Harvard Medical School

R. John Collier


Contact Information:

Dept. of Microbiology and
Immunobiology

Harvard Medical School

NRB, Room 1037 A

77 Avenue Louis Pasteur

Boston, MA 02115

phone: 617-432-1930

fax: 617-432-0115

 

jcollier@hms.harvard.edu

 

Research Summary

Toxic proteins produced by pathogenic bacteria contribute in major ways to the symptoms of diseases caused by the bacteria.  The most potent bacterial toxins enter mammalian cells and covalently modify target substrates within the cytosol. Well known examples are diphtheria, anthrax, cholera, tetanus, and botulinum toxins. The primary benefit to the bacteria of producing such toxins is thought to be, in most cases, disruption of key functions of cells of the host’s immune system, thereby protecting the bacteria from immune destruction.

The Collier group has traditionally focused on bacterial toxins that modify cytosolic targets, the goal being a detailed understanding of toxin structure and mode of action of these proteins at the biochemical and cellular levels.  For all intracellularly acting toxins a catalytically active subunit must cross a membrane to gain access to the cytosol.  In most such toxins the catalytic function is carried by a separate polypeptide (the “A” chain) from the receptor binding function (the “B” chain), and in some toxins the B chain also has the capacity to form a transmembrane pore (channel) that mediates transmembrane translocation of the A chain.  We have been investigating the structures of the pores formed and how they function in translocation.  In the past we studied translocation diphtheria toxin, in which an α-helical domain (T domain) within the B chain forms a pore that is somehow related to this process.  In recent years most of our effort has been focused on anthrax toxin, a more tractable system, which has yielded a more detailed understanding of pore structure and function.

Anthrax toxin is comprised of three monomeric proteins: Lethal Factor (LF; a 90 kDa metalloprotease), Edema Factor (EF; an 89 kDa adenylate cyclase), and Protective Antigen (PA; an 83 kDa receptor-binding, pore-forming protein).  After being proteolytically activated, PA self-associates to form heptameric and octameric ring-shaped oligomers, which in turn bind LF and EF.  These receptor-bound complexes are endocytosed transported to the endosomal compartment within cells, where acidic conditions convert the PA oligomers into pores that translocate LF and EF across the membrane to the cytosol.

Currently we are conducting studies to understand in great detail how the PA pores function in translocation.  Our data indicate that the pore is an active transporter, in which the pH gradient across the endosomal membrane may be the primary driving force for translocation.  We believe translocation occurs by a Brownian ratchet mechanism, in which ratcheting (directionally biased diffusion) of substrate proteins (LF and EF) through the pore occurs in response to preferential protonation of acidic side chains of the substrate in the endosomal compartment.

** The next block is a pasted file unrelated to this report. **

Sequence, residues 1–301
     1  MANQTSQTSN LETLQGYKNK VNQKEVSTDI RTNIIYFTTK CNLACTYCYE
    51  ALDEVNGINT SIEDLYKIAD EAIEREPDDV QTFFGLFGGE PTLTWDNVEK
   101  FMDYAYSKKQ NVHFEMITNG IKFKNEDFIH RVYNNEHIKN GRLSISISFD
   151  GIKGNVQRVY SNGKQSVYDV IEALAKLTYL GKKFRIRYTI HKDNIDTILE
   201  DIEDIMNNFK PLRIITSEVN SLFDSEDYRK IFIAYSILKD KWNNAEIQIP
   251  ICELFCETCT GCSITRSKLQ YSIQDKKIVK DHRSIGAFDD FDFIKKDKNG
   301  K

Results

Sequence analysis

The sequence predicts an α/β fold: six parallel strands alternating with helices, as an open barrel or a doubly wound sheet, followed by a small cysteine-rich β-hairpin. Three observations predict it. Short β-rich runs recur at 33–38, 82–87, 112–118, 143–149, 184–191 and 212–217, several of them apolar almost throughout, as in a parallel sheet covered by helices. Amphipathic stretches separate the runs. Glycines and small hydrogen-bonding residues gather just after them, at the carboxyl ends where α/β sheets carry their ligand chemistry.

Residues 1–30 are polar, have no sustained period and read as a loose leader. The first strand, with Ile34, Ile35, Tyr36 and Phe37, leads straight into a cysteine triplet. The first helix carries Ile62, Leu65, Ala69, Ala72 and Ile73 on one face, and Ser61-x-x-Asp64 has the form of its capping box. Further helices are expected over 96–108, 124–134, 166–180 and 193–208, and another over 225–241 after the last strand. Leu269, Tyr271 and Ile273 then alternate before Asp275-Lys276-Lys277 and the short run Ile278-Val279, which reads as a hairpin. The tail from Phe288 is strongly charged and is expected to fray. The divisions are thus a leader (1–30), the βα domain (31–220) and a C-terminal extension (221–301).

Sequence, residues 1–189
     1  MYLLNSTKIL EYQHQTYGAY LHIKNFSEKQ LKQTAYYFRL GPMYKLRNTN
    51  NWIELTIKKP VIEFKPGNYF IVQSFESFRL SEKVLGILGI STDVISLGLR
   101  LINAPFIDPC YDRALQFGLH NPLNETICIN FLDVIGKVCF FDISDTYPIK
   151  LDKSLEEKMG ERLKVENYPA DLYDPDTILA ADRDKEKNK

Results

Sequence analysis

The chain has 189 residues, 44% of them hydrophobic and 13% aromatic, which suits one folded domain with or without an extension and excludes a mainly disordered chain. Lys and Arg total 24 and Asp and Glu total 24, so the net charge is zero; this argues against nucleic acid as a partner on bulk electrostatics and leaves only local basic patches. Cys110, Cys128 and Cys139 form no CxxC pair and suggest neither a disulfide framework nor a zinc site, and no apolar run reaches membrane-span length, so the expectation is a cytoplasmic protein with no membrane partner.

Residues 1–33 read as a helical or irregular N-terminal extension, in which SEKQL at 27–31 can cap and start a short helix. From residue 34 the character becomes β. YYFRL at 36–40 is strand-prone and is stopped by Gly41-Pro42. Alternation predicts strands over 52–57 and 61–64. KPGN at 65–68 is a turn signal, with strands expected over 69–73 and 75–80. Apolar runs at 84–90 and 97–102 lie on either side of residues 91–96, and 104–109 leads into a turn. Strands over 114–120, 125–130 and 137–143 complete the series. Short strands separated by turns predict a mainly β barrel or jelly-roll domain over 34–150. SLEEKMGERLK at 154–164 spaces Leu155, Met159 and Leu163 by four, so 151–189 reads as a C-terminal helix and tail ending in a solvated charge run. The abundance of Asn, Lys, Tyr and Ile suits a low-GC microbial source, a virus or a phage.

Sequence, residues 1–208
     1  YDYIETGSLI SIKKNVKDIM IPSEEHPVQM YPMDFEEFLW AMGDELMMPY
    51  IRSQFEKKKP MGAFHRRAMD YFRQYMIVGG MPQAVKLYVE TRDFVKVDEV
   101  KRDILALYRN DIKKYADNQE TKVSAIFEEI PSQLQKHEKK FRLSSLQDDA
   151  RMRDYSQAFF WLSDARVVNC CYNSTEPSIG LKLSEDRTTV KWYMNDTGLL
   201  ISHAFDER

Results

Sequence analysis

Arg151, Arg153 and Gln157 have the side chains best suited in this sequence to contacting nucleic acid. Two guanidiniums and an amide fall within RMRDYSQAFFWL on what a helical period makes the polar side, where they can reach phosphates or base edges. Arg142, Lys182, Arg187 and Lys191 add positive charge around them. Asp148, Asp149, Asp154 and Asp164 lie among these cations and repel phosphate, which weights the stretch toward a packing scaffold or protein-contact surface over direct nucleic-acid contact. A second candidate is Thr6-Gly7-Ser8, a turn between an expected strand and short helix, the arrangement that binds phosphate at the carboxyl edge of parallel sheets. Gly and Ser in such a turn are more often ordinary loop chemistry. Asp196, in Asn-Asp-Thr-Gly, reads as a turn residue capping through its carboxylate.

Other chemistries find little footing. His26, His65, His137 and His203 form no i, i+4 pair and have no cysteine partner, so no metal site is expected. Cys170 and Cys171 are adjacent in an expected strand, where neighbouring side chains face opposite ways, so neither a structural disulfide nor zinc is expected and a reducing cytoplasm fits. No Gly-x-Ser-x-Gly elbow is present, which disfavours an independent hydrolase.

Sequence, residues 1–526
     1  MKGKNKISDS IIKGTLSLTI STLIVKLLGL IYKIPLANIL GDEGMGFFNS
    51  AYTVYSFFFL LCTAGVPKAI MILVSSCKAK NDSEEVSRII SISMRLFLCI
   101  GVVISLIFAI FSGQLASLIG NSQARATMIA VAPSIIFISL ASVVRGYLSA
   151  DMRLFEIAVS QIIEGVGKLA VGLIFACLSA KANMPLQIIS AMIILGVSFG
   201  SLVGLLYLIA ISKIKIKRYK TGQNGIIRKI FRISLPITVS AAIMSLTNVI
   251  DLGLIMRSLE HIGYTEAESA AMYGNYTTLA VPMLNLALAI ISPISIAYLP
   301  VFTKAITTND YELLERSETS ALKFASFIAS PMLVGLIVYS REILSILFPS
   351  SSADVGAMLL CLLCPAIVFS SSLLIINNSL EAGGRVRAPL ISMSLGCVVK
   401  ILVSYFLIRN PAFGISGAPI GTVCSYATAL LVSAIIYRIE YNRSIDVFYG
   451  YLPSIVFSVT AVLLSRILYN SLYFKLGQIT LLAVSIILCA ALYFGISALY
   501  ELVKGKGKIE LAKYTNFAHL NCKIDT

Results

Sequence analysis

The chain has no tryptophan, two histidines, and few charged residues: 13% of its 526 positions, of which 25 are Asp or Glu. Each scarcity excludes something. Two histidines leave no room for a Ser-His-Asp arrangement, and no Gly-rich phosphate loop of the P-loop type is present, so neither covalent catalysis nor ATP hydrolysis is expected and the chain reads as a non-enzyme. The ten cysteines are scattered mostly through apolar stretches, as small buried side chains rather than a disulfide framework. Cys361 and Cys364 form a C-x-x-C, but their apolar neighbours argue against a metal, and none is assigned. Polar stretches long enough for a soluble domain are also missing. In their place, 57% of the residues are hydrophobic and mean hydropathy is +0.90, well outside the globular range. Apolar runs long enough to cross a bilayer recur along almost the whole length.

Selected Publications

Krantz BA, Melnyk RA, Zhang S, Juris SJ, Lacy DB, Wu A, Finkelstein A, and RJ Collier.  2005.  A phenylalanine clamp catalyzes protein translocation through the anthrax toxin pore. Science 309:777-781.

Krantz BA, Finkelstein A and RJ Collier.  2006.  Protein translocation through anthrax toxin’s transmembrane pore is driven by a proton gradient.  J Mol Biol, 355:968-979.

Young JAT and RJ Collier. 2007. Anthrax toxin: Receptor binding, internalization, pore formation, and translocation. Ann Rev Biochem 76:243-65.

Sun J, Lang A, Aktories K and RJ Collier.  2008.  Phenylalanine-427 of anthrax protective antigen functions in both pore formation and translocation. Proc Natl Acad Sci U S A, 105:4346-4351.

Vernier G, Wang J, Jennings LD, Sun J, Fischer A, Song L and RJ Collier.  2009.  Solubilization and characterization of the anthrax toxin pore in detergent micelles.  Protein Science 18:1882-95.

Janowiak BE, Fischer A, and RJ Collier.  2010.  Effects of introducing a single charged residue into the Phe clamp of multimeric protective antigen.  J Biol Chem [Epub ahead of print]

Katayama H, Wang J, Tama F, Chollet L, Gogol EP, Collier RJ, and MT Fisher.  2010.  Three-dimensional structure of the anthrax toxin pore inserted into lipid nanodiscs and lipid vesicles.  Proc Natl Acad Sci USA 107:3453-7.

Pentelute BL, Barker AP, Janowiak BE, Kent SBH, and RJ Collier.  2010.  A semisynthesis platform for investigating structure-function relationships in the N-terminal domain of the anthrax lethal factor.  ACS Chem Biol [Epub ahead of print]